I went to see the physio tonight. That in itself was a tale of derring-do. The weather forecast a few days ago was of 20% chance of rain for my appointment at 17.00. By today they’d changed to to 95%. It was awful. Rain, standing water, spray, and horrendous traffic. I ended up running late so I was forced to fly through the traffic even in less than ideal braking conditions. Also much reduced visibility as my glasses were misting up. It was a bracing ride.

Anyway, made it, if five minutes late. I sent Wendy a text (“Alive”), as she was sure I was going to die on the way.

The Physio, Adrian, then asked me a bunch of questions, then mauled me for an hour and 20 minutes. It turns out my left calf is 1½cm smaller than my right, I have some numbness on my left foot, and he isolated the pain by twisting my foot then raising my leg. Twisted, fine. Twisted and raised, sore.

He thinks it’s a trapped or damaged nerve. Either in my knee, bum, or lower back. Most likely it’s my knee as it started just after that time the back end of my motorbike slid round in the wet and I slammed sideways into a van. He said the direct impact could have damaged the nerve. It seems the smaller calf could be due to less signal or blood flow (or something. It was a symptom of nerve issues and it made sense at the time, but now I’ve forgotten.) As is the numbness and the fact that the pain only kicks in when the nerve is stretched.

He has given my 3 easy exercises to try to loosen up the nerve. If that fails I have to try and get a conductivity test at the hospital. Just like testing an electrical circuit. Jab needles in each end of the nerve and pass a current through each stretch, where a circuit loses current you’ve found the problem. That sounds like a whole heap of fun.

The good news is there is no structural damage to my foot. The foot pain is a symptom, not the cause.

I don’t know if a trapped nerve/nerve damage is better or worse, in terms of healing. But at least it seems to be the right answer. He said the pushbiking inflaming it could just be overextending my foot in the stroke. I’ll try and adjust my bike position. He said that pushbiking should actually be good for me. I had got my eye on a rev and rip scooter for riding to work. Automatic gears so just twist the throttle, completely rest my hoof.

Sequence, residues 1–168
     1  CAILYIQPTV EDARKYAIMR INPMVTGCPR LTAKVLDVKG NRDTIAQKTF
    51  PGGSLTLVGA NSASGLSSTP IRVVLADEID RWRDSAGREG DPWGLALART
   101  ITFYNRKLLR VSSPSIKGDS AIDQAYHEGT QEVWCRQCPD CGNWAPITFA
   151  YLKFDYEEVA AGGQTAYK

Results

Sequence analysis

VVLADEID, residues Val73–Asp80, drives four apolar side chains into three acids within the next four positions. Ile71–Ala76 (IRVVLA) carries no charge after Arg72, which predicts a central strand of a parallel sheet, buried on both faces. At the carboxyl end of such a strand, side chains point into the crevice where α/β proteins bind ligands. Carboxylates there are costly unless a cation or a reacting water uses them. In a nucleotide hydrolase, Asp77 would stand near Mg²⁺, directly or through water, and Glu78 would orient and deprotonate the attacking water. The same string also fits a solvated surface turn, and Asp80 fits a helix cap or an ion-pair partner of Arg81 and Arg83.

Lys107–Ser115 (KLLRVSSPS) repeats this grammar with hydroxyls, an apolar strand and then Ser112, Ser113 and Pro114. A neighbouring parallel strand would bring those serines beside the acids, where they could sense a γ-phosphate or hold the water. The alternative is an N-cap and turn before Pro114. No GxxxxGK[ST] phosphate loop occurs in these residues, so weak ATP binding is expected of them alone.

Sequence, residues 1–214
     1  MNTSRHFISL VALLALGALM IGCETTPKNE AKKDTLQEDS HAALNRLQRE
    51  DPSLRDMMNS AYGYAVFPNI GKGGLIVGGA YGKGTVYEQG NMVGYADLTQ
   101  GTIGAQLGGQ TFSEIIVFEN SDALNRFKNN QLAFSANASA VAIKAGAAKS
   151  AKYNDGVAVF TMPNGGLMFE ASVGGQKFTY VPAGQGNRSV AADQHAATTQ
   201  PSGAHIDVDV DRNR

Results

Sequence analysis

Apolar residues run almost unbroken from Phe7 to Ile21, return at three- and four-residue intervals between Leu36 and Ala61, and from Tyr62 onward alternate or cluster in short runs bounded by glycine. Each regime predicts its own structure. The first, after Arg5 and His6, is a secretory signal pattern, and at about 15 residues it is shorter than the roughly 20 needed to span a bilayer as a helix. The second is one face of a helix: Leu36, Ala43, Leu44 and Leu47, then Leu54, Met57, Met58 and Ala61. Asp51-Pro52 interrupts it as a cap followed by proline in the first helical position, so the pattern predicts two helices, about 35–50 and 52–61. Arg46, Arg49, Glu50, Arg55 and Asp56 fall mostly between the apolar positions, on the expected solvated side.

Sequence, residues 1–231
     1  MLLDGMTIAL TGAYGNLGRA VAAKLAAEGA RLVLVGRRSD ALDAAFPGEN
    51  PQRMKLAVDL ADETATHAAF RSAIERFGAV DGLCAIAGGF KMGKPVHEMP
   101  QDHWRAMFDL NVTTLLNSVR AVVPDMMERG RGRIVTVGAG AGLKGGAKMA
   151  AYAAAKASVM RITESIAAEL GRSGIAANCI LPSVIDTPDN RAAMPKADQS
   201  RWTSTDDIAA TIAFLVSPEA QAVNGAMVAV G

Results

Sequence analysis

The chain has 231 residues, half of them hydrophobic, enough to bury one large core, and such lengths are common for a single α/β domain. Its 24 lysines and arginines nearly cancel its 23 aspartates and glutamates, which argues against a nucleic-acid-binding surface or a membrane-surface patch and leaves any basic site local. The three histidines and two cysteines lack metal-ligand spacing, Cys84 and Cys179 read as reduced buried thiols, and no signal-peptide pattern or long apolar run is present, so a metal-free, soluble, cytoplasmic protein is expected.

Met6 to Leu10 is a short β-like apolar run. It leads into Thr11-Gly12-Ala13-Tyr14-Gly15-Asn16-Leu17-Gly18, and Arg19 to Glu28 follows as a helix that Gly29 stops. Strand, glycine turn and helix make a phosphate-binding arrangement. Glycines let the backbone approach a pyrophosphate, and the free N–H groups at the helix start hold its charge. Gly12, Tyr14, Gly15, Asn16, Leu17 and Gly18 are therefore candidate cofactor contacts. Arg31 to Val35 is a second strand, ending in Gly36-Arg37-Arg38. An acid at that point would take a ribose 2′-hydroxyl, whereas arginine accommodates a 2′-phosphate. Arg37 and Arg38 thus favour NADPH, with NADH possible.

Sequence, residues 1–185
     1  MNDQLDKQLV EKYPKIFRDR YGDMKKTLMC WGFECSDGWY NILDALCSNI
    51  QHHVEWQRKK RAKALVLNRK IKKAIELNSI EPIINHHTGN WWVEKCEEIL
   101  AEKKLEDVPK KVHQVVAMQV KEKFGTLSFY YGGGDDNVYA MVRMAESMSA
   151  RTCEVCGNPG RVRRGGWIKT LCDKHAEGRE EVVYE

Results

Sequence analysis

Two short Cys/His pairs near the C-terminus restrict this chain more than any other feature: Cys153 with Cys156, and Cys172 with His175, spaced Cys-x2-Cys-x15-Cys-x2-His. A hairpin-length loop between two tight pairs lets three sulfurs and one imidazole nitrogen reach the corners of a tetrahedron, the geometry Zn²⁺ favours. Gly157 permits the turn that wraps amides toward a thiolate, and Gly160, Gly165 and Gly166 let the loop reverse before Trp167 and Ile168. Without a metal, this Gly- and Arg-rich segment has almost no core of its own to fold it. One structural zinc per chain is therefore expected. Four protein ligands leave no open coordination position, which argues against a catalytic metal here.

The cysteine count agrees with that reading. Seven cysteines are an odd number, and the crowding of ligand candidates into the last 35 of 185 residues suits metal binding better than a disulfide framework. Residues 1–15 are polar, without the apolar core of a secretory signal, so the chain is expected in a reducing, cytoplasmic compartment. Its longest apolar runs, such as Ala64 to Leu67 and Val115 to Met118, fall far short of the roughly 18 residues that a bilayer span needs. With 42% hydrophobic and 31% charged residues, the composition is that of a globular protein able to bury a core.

Look at it!

113cc of pure adrenaline! 55mph with a tailwind! 130mpg! The latter is genuinely impressive in anyone’s book. Ah well.

After all that I went to pay him. Wendy’s mate has a physio and he charges £80 per hour. I was thinking at least that, but if it sorts it once and for all it’s well worth it. He said “I usually charge £20, is that alright?”

I said “Is that it? You’re undercharging!”

He said “I hear that a lot, but I also hear people glad they can afford a private physio.”

What an outstandingly good egg!

I am contractually obliged to point out he had Christian fish symbols.

I got all excited this morning thinking about a future in which I could run again. I read one article that said that for a sub 3 hour marathon you should be looking at 60 miles per week running.

Camille Herron, a running legend I follow on twitter, has just broke her own American Women’s 100 miles track record. Running around a race track at 8.01 m/m. For 100 miles! She’s 39 years old and ran 100 miles in 13.21:51

Most ultra runners run/walk/run/walk. She straight up ran for 100 miles. Astounding.

Anyway, my point was going to be, I looked up her training regime, she’s run 100 mile every week for the last 12 years. That’ll get you fit, right enough.

I got to thinking. I could, just, fit in a 60 mile week. Even around some 12 hour shifts. It is a matter of, as one motivational book asked, “how badly do you want it?”

I managed a 3 hours 30 marathon on random training, just going for it. If I could heal, be structured and consistent in my training, I could easily batter a sub 3.

If (and it more of an *IF!*) I can heal my hoof I’m going to commit. One goal. I’ll sack off the Leeds 24 hour race for this year and not enter any triathlons. Just running. I’ll ask the agency to try and get me short shifts (no longer than 10 hours) and try to train 6 days a week. Everything else will have to play second fiddle.

The physio was quite impressed with me other than my injury. He said bend over and touch your toes, so I put my hands flat down. He asked if I was double jointed, as that causes a bunch of problems, said no, I used to do martial arts, kept up with the stretching. He was well chuffed with me. He said so many people come to him from sitting behind a desk and he has to sort out their flexibility before their issues.

The other bit of good news is I bought a blood pressure reader to see if I had low blood pressure. I’ve tested it a bunch of times and it says I’m “ideal”. Not in the “average” range, “ideal”. Go my blood pressure! So my other issues aren’t down to that.

Right, that’s it. Just wanted to vent my motorcycle-y trauma and rant about a possible return to running.

One other thing, Adrian asked me what the qualifying Good For Age (GFA) time is for the London marathon. I said I thought it was 3.05. I’ve just looked, now I’ve turned 55 it’s 3.20.

I ran the Chester marathon in 3.30 even though I blew up with a knee injury and lost loads of time at the end. If I can get injury free and get my fitness up I can do that even if I stop for a fag break!

Definitely that’s it.